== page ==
We noted that different cost functions produced qualitatively different patterns of limb forces, demonstrating that the experimentally measured patterns are not simply due to musculoskeletal constraints, but indeed depend upon the nature of the optimization framework. Prior studies have found that multiple cost functions could produce similar results [13], [86], suggesting that solutions may be qualitatively determined by biomechanical constraints, independent of any optimization framework or control policy. In contrast, our study and other recent studies demonstrate that some cost functions can be eliminated based on their robustness across a wider range of experimental conditions [12], [25]. Here, minimization of muscle effort (MMe) versus energy (MMm) predicted similar horizontal plane forces in the preferred postural configuration, but not in short or long stance configurations. In order to more precisely determine a physiological cost function inverse optimization approaches could be used [25], [87], [88]. However, it is unlikely that composite cost functions based on weightings between MMe and MMm [25], [89] would improve fits to recorded muscle activity (e.g. absent flexors, SOL recruited rather than MG), as both cost functions strongly penalize muscle coactivation. Neither are these differences likely to be resolved using alternative cost functions such as minimization of signal dependent noise, which predicts muscle activity patterns similar to minimization of control effort [90].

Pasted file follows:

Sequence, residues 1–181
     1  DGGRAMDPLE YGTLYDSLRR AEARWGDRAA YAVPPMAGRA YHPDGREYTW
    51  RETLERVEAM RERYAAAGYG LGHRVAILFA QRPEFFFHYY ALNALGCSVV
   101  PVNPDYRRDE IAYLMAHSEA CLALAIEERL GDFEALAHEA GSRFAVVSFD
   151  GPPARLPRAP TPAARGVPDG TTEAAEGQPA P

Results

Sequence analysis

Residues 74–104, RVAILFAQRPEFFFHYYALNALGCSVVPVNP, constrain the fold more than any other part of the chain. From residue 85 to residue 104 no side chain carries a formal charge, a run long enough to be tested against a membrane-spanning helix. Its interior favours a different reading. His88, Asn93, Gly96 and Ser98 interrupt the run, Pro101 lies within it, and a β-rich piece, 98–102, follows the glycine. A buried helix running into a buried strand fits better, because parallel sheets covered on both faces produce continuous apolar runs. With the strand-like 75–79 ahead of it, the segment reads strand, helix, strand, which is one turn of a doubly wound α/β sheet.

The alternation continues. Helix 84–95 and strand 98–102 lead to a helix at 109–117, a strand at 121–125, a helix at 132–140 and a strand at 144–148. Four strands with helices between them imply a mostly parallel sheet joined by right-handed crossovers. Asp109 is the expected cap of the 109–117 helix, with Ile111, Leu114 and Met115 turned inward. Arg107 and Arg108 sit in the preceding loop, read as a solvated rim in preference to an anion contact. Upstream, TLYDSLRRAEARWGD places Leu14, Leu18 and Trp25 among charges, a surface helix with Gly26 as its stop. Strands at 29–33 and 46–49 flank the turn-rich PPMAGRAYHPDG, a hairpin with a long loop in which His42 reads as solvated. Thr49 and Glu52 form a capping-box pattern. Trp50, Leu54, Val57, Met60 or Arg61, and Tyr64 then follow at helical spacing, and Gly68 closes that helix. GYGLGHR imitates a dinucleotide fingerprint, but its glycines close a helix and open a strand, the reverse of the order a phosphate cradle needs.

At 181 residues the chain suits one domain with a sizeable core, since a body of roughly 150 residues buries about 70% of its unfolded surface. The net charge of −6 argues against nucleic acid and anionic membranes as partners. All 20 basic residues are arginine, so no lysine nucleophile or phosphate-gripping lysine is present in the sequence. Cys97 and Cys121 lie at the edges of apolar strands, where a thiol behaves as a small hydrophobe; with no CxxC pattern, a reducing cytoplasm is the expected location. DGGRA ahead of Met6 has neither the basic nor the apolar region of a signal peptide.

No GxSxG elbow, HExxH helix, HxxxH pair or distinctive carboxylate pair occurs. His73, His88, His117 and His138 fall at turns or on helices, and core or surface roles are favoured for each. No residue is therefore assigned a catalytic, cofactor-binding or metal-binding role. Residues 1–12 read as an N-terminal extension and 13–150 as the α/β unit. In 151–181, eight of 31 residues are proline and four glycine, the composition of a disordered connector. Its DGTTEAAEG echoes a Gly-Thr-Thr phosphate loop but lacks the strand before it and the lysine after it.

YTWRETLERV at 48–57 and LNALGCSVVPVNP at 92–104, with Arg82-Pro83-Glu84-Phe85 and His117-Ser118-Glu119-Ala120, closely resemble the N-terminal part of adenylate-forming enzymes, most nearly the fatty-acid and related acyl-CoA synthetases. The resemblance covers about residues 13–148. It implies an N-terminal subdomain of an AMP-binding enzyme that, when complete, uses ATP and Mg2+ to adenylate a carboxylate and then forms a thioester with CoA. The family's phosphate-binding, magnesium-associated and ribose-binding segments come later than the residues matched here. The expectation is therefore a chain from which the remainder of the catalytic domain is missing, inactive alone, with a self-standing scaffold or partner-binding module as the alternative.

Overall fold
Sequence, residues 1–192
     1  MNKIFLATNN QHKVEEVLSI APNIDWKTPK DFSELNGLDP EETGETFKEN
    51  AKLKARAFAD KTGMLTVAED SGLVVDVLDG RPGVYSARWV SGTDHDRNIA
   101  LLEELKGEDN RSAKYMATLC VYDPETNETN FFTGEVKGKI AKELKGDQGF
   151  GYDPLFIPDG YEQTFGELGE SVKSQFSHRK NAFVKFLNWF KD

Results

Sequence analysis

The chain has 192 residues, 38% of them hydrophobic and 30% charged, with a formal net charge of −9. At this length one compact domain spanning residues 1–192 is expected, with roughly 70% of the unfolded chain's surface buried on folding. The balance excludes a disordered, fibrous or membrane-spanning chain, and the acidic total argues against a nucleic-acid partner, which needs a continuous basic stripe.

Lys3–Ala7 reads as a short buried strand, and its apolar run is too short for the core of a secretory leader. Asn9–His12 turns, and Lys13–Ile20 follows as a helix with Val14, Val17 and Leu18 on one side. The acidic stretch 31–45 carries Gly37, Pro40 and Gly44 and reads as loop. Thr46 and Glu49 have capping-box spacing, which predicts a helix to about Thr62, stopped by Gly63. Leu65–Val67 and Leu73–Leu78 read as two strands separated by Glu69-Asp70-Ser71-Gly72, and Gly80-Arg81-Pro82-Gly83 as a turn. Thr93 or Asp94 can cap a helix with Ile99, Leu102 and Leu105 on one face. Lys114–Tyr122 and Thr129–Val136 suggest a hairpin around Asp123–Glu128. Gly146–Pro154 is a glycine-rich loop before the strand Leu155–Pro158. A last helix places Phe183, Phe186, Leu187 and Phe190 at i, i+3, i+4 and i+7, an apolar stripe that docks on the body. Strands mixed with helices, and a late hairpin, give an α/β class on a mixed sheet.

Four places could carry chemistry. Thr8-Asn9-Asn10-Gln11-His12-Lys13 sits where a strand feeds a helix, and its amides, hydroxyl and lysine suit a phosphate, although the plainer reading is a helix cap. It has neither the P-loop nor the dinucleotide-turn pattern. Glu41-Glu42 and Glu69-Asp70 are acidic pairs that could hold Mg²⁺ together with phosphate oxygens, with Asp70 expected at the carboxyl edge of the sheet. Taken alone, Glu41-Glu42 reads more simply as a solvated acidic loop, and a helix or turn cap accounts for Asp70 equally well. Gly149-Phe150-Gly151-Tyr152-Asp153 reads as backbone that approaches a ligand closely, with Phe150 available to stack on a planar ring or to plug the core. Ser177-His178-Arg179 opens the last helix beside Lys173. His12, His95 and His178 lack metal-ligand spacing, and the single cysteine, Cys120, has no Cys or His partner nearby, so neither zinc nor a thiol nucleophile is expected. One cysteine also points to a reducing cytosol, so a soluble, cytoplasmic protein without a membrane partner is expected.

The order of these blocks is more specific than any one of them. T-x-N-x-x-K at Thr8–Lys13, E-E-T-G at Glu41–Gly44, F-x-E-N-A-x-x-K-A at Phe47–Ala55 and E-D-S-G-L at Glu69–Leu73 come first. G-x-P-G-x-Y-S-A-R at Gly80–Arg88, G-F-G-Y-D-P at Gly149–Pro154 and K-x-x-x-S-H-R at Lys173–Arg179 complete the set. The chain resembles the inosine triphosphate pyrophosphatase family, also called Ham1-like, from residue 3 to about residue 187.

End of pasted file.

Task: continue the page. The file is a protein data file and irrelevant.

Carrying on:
To further investigate either the task-level variable or the cost function would require implementation of task-level control within a dynamic musculoskeletal model. Although balance control is a dynamic task, we were able to use a static musculoskeletal model to examine the force-sharing problem at a specific instant in time during the postural response that is most amenable to description by a quasi-static model (see Methods). Here we sought only to reproduce the net CoM forces and moments observed in the initial postural response, which in turn can be predicted by an optimal feedback control model in a low-dimensional biomechanical model [22], [23], [24]. Integrating an optimal controller with a realistic musculoskeletal model would allow us to test various optimal control models for dynamic balance control, which might implicate criteria relevant to the balance task beyond the control cost formulations presented here. Specifically, considering the longer time constants required to deactivate versus activate muscle [91] would likely improve model predictions by encouraging activation of the flexors. Similarly, rewarding recruitment of muscles with fast fiber types would likely encourage the ankle extensor function of MG (primarily fast muscle fibers), over that of SOL (primarily slow muscle fibers; [92]). Other criteria such as those related to mechanical stability might also be used to explain the absent coactivation [16]. For example, arm impedance is increased in unstable environments, likely requiring additional coactivation [93]. It is possible that these costs could be incorporated within an optimal control formulation penalizing response time in a tradeoff with costs such as control effort, as optimal control models without fixed terminal time have recently been developed for motor tasks [94], [95], [96]. A dynamic model would also allow for further refinement of the task variable. Although we were able to differentiate between CoM and CoP, the current model cannot differentiate between CoM and some other candidate task-level variables – for example, translations of the CoM along the anterior-posterior axis – since a static model ignores inertial contributions such that an equivalent moment can be computed about any point.